Cross Compilation Across Several Networked Computers on Gentoo

This tutorial covers crossdev and distcc that allow users to cross compile across several networked computers on Gentoo.

I used it on an Intel Celeron (i686) which ran the emerge and my Dell with an Intel i5 (x86_64), which worked as the helper box.

Setup Network

First of all, we setup a network of computers. I connected the two computers via an ethernet cable and ran a dhcp server on the Dell. The Dell running the server had the IP address and the Celeron was assigned

Find Target Architecture

Now, we have to find out the CHOST of the target architecture (the box running emerge):

# cat /etc/portage/make.conf | grep CHOST

In my case, the output was:


Thus we find out the target architecture which was in my case i686-pc-linux-gnu.

Configure distcc for Cross Compilation

Now we have to configure distcc to cross compile correctly. We will perform the following steps on our helper box.

First of all we convert /etc/portage/package.use to a directory:

# mv /etc/portage/package.use /etc/portage/package.use.old
# mkdir /etc/portage/package.use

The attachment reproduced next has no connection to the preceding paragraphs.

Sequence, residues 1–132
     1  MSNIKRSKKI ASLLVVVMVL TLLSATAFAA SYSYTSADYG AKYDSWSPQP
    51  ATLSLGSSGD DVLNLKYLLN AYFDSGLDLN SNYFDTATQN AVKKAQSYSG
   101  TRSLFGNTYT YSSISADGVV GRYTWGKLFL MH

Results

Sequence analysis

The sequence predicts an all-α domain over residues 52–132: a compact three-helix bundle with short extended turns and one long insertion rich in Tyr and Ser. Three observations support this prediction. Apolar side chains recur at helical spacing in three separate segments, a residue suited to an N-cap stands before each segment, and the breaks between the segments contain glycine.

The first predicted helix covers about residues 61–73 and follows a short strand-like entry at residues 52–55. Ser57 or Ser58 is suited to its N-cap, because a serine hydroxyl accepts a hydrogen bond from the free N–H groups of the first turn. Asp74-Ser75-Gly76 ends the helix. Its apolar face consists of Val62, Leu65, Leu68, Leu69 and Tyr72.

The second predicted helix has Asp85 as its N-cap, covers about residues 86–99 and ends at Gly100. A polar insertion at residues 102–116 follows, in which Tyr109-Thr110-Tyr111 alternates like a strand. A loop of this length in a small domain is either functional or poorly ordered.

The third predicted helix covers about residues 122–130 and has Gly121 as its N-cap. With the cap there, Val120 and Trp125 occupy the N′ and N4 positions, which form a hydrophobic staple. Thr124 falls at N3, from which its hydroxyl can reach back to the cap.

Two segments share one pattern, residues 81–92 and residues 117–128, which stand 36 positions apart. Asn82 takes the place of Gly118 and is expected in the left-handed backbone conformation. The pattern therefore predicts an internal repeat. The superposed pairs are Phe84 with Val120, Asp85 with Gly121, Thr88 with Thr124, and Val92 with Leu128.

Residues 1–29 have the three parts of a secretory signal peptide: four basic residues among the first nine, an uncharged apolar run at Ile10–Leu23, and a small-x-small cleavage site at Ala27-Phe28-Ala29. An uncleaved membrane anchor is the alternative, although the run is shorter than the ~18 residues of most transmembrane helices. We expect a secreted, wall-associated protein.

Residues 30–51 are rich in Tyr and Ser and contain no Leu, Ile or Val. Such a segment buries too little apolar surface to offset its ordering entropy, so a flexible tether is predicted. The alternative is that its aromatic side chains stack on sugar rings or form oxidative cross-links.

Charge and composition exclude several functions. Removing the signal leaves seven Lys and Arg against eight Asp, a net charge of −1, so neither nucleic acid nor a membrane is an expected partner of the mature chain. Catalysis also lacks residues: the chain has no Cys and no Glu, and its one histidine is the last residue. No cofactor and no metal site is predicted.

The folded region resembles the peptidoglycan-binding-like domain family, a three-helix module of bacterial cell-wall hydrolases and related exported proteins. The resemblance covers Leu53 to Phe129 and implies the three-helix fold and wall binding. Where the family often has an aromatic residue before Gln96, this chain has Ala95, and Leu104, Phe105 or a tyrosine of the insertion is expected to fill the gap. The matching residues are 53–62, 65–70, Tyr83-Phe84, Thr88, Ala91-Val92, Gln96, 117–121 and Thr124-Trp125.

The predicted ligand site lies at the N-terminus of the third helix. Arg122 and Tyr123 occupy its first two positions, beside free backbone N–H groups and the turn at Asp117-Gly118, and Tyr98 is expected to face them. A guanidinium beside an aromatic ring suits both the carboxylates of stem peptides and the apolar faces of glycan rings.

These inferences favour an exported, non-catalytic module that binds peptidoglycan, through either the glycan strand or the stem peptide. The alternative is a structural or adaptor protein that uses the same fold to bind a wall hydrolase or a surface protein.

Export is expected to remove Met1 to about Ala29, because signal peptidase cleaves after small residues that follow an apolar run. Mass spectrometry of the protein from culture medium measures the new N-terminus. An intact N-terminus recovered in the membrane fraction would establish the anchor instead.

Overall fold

# cp /etc/portage/package.use.old /etc/portage/package.use/my_package_use


# emerge crossdev
# crossdev -t i686-pc-linux-gnu

Replace i686-pc-linux-gnu with your target architecture.

The following steps are to be performed only on the box running the emerge:

# cd /usr/lib/distcc/bin
# rm c++ g++ gcc cc

Next, fire up your favorite editor and create a file with the following text, then save it as i686-pc-linux-gnu-wrapper. Remember to change the CHOST:

exec /usr/lib/distcc/bin/i686-pc-linux-gnu-g${0:$[-2]} "[email protected]"

Next, we’ll make the script executable and create the proper symlinks:

# chmod a+x i686-pc-linux-gnu-wrapper
# ln -s i686-pc-linux-gnu-wrapper cc
# ln -s i686-pc-linux-gnu-wrapper gcc
# ln -s i686-pc-linux-gnu-wrapper g++
# ln -s i686-pc-linux-gnu-wrapper c++

Installing and Setting up distcc

Perform the following steps on all the participating computers:

# emerge distcc

Now, edit make.conf:

# nano -w /etc/portage/make.conf
(Set N to a suitable number for your particular setup)
 (A common strategy is setting N as twice the number of total CPUs + 1 available)
(Add distcc to your FEATURES)

Edit /etc/conf.d/distccd, here is my example:

# nano -w /etc/conf.d/distccd
DISTCCD_OPTS="${DISTCCD_OPTS} --log-level notice"

With –log-level notice we can see syslog(tail -f /var/log/messages) which compilation units are sent to the helper box.

Finally edit /etc/distcc/hosts and put the hosts that are participating in the process. You may also run the following:

# /usr/bin/distcc-config --set-hosts ""

Remember to change the hosts according to your network.

Don’t forget to regenerate your environment:

# env-update

Now, run distccd daemon on all the participating computers:

# /etc/init.d/distccd start

That is it. Run emerge on the target machine (the Celeron in my case) and test the configuration.

You may also look at the Gentoo Linux article on distcc and cross compilation.